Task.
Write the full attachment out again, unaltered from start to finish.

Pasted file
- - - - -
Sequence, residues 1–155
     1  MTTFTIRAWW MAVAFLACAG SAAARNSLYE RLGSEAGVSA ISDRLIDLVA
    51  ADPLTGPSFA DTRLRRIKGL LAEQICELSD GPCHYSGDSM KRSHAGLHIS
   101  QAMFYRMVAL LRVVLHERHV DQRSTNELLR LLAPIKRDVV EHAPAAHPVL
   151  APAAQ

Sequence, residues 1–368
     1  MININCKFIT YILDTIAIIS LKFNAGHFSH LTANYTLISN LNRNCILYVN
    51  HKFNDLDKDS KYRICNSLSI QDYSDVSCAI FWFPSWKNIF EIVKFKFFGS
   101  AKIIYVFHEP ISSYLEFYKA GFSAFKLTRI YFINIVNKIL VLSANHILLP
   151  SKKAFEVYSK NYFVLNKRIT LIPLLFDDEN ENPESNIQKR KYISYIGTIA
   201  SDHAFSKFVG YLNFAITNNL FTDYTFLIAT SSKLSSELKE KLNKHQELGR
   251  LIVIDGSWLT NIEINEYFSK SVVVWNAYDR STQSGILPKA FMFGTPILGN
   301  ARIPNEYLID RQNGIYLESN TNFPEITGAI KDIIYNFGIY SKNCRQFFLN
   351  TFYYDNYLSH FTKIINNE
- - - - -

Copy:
Sequence, residues 1–155
     1  MTTFTIRAWW MAVAFLACAG SAAARNSLYE RLGSEAGVSA ISDRLIDLVA
    51  ADPLTGPSFA DTRLRRIKGL LAEQICELSD GPCHYSGDSM KRSHAGLHIS
   101  QAMFYRMVAL LRVVLHERHV DQRSTNELLR LLAPIKRDVV EHAPAAHPVL
   151  APAAQ

Sequence, residues 1–368
     1  MININCKFIT YILDTIAIIS LKFNAGHFSH LTANYTLISN LNRNCILYVN
    51  HKFNDLDKDS KYRICNSLSI QDYSDVSCAI FWFPSWKNIF EIVKFKFFGS
   101  AKIIYVFHEP ISSYLEFYKA GFSAFKLTRI YFINIVNKIL VLSANHILLP
   151  SKKAFEVYSK NYFVLNKRIT LIPLLFDDEN ENPESNIQKR KYISYIGTIA
   201  SDHAFSKFVG YLNFAITNNL FTDYTFLIAT SSKLSSELKE KLNKHQELGR
   251  LIVIDGSWLT NIEINEYFSK SVVVWNAYDR STQSGILPKA FMFGTPILGN
   301  ARIPNEYLID RQNGIYLESN TNFPEITGAI KDIIYNFGIY SKNCRQFFLN
   351  TFYYDNYLSH FTKIINNE